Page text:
Last week, we discussed how to handle confused cashiers who may try to incorrectly limit our coupon usage in one way or another. The key to eliminating most cashier confusion is to familiarize yourself with the store's coupon policy, which states all of the store's rules for accepting coupons. And while it's true that most cashiers are familiar with what kinds and types of coupons the store will accept, there are also times when a cashier may mistakenly inform you that the store cannot take your coupons.
In my coupon classes, I've taught over 6,000 people to Super-Coupon, and so I've heard more than my share of stories of cashier confusion. One common theme has to do with interpreting the fine print on a coupon.
If you pick up any manufacturer coupon, either from the newspaper or one printed from the Internet, chances are it contains the wording "Limit one coupon per purchase." Seems innocent enough, right? But these five little words can often be the source of cashier confusion.
To understand why, consider this distinction. Each item we buy is a purchase. Each group of items that we take to the checkout lane and pay for at the same time, as a group, is a transaction. So, when a coupon's fine print states, "Limit one coupon per purchase," what it effectively means is "Limit one coupon per item purchased." (In fact, many coupons now contain this updated wording, which makes the meaning much clearer.)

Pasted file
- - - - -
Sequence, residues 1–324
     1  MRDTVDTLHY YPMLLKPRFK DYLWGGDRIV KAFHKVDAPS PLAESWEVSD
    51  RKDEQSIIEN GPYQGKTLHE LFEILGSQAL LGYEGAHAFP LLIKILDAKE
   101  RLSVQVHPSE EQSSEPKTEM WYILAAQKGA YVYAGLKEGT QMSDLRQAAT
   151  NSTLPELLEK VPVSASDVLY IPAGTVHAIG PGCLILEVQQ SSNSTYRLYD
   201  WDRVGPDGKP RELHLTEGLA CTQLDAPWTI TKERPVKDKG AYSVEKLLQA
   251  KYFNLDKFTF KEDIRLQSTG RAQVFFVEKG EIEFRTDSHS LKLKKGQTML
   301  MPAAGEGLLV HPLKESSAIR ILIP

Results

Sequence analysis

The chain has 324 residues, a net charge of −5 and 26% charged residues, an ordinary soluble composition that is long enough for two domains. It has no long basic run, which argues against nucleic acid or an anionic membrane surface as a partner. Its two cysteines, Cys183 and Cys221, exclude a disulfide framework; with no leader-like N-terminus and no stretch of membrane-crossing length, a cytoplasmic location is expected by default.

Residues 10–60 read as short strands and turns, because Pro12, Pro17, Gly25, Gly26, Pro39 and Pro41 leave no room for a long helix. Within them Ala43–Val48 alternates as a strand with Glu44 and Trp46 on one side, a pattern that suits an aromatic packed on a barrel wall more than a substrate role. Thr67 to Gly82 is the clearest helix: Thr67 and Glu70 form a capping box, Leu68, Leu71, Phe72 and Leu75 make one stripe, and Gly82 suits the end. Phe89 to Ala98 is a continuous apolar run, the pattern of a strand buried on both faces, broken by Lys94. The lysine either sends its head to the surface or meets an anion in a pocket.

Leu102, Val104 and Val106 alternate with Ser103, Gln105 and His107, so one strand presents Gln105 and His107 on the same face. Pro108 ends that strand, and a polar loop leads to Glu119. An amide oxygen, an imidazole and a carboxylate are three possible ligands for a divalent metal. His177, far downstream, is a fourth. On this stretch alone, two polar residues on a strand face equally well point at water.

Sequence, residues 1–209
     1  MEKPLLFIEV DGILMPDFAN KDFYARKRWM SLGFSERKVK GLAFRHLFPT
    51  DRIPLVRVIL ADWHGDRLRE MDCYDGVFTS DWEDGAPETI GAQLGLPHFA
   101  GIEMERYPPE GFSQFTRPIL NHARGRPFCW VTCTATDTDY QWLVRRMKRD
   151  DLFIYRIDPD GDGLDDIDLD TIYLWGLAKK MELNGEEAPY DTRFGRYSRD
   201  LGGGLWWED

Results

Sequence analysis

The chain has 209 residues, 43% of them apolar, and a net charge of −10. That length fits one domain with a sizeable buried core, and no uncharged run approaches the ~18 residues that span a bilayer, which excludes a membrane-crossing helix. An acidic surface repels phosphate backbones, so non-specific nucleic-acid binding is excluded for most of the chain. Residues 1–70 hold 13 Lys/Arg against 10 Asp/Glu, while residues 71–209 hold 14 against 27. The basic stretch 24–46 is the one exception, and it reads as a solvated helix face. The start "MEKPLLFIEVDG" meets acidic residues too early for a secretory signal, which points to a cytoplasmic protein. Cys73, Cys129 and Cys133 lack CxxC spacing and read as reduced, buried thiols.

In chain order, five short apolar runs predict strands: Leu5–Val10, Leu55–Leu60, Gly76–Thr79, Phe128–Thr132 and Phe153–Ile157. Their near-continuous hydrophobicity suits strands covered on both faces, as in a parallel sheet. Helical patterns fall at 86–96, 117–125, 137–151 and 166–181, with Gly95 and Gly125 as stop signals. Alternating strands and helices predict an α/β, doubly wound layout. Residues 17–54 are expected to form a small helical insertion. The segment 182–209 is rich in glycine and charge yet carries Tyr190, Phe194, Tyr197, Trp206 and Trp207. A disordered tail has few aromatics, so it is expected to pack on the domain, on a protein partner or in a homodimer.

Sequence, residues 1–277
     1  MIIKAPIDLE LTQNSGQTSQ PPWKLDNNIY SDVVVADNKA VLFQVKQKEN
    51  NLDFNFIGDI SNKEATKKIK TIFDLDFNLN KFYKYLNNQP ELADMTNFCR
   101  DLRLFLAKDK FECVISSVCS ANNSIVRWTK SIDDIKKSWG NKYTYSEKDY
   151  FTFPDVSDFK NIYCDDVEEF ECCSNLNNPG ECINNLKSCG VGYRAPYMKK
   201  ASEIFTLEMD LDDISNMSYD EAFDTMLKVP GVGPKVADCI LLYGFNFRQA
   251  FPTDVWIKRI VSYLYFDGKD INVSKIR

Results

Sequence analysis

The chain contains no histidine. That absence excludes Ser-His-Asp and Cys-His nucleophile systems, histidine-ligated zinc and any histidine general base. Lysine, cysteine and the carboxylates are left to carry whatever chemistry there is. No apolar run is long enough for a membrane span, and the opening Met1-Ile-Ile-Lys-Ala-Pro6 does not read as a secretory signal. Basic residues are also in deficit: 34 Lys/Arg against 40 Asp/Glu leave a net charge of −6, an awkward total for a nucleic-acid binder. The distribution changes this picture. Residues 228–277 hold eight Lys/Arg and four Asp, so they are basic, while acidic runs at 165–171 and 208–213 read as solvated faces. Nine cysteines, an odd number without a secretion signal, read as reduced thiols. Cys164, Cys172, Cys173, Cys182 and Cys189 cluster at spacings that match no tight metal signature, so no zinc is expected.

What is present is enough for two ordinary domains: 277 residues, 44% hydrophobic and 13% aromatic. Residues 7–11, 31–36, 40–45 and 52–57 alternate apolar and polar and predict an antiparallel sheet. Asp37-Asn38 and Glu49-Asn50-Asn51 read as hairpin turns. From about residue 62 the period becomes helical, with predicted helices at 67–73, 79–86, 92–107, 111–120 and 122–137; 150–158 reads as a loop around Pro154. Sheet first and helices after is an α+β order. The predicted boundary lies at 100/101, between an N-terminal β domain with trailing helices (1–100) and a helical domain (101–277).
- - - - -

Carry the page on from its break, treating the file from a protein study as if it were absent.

So, if a coupon is limited to "one per purchase," it simply means that we can use one coupon per item purchased. If I purchase 15 items, I can use 15 coupons - one for each item I'm buying (and I often do!) But cashier confusion frequently arises when a shopper uses several like coupons to buy several like items.